I was talking to Penny this morning. Until three weeks ago she worked at one of the nicest shops in the town. If you needed a present or some ornament for yourself or your home, that's where you looked first. It had been run for more than twenty years by Tony, with initial input from his brother. Last summer, Tony and his wife Mary were involved in a road accident with a Ministry of Defence vehicle, and Tony did not survive.
Mary decided to sell the business, and the new people took over about a month ago. It so happened that the Sage was their first customer, buying wedding anniversary cards for our children.
Penny always used to call into Al's shop early, on her way into work, so I'd missed seeing her since her retirement, but she came in today. She says she's finding it hard to adjust, but her house is very clean... And she still can't bear to go into the shop, although she wishes the new owners well.
She had heard, however, about the warm welcome they have received. Steve, at the restaurant next door, went in the first lunchtime bearing welcoming glasses of wine. People have called with cards and messages of goodwill. They were deeply touched. The town they used to live in, only a few miles away, isn't like Yagnub*.
Penny was not at all surprised. In the week of the anniversary of Tony's death, many people took the trouble to call in, just to say that they remembered, and were thinking of him.
No, I wasn't one of them. I'm not that thoughtful, and I'm from a larger town. It wouldn't come naturally.
I have been in to welcome the new owners though. It was my friend Lynn's birthday this week and I bought a wooden pestle and mortar from Bali and a carved wooden horse from the Philippines for her - both of which I rather wanted to keep...
*As always, credit Badgerdaddy with the reversing of the name
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That's the shop with the terra mundi pots, isn't it? I have a cushion from there in my living room right now. 'Tis a fine shop indeed.
I think I know the place, although it has been a couple of years since I ventured so far south.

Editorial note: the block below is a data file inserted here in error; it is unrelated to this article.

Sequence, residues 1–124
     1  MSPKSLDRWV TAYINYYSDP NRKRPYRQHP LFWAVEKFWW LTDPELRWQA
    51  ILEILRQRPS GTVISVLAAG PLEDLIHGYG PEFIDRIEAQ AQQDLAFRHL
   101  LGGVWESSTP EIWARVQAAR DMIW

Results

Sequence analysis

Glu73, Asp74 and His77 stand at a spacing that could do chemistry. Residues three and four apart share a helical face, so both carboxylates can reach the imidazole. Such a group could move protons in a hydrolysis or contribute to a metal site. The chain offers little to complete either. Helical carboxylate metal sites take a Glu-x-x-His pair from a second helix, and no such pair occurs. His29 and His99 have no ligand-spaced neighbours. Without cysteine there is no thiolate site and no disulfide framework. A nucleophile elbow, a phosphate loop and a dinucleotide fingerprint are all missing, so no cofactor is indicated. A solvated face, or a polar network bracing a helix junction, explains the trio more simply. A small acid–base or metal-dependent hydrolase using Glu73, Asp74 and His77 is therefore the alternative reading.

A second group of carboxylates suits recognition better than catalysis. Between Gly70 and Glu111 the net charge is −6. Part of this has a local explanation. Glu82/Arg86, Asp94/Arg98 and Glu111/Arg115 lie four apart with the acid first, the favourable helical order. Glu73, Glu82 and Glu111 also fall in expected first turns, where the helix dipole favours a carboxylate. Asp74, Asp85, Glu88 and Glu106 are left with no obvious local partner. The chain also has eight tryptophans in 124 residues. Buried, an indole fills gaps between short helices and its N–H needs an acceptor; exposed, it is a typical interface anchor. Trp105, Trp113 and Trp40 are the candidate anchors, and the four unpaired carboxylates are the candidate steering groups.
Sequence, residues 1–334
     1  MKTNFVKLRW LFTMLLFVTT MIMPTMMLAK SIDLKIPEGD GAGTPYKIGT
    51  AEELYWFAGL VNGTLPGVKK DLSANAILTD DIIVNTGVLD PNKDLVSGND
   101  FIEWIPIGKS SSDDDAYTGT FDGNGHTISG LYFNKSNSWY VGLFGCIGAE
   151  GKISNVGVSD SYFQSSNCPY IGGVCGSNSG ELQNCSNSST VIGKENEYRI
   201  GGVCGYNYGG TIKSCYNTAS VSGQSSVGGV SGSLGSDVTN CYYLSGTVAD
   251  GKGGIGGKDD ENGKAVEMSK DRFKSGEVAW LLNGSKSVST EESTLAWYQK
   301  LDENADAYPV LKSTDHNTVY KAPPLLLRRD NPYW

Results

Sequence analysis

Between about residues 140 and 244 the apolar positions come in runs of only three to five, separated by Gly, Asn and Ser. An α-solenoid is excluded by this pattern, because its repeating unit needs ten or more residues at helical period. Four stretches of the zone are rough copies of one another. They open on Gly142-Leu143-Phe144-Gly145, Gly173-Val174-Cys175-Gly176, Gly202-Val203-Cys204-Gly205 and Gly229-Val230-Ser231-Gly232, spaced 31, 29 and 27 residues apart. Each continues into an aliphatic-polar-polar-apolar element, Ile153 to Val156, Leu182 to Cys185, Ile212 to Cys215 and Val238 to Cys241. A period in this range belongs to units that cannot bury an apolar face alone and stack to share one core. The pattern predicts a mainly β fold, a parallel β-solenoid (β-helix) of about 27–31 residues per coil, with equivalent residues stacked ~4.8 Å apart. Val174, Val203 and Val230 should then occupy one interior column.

*Thinks. I was in Ditchingham, at a religious place, in February. I may actually have gone there on an afternoon off, but memory is hazy.*
Now that is a real community. I suspect that might happen in our village, but then its tiny with only a post office and an antique shop, so people would just be excited to have somewhere else to go...
You are on the smart side of Norfolk now, Dave. Would it have been All Hallows? It's an Anglican convent.
Boy, we don't even have a post office now in our village. When we moved here there was a garage, a shop/post office, a church, a school and a pub. The last three remain, and are actually doing better than 20 years ago.
Most of the shops are owner-run and we have very few chain stores, and most of those are small local ones. Also, a lot of people live in the middle of town, where there are some beautiful old houses.
It was indeed. We have a staff retreat there every year. I shall be there again in March.
it IS a warm thing to do.
Sounds a bit like Ashbourne! I *heart* small towns. Couldn't live in one, mind...
It always astonishes us, how many people call in with cards and presents for Al and his staff at a key moment of the year (not mentioning it three months early). And Ronnie brings the staff chocolate every week. So does Kit Kat Connie.
Mike, I'm surrounded by fields. Suits both my morose nature and my occasional extreme loudness.
+Would love to live in such a close knit small caring community like that sometime.
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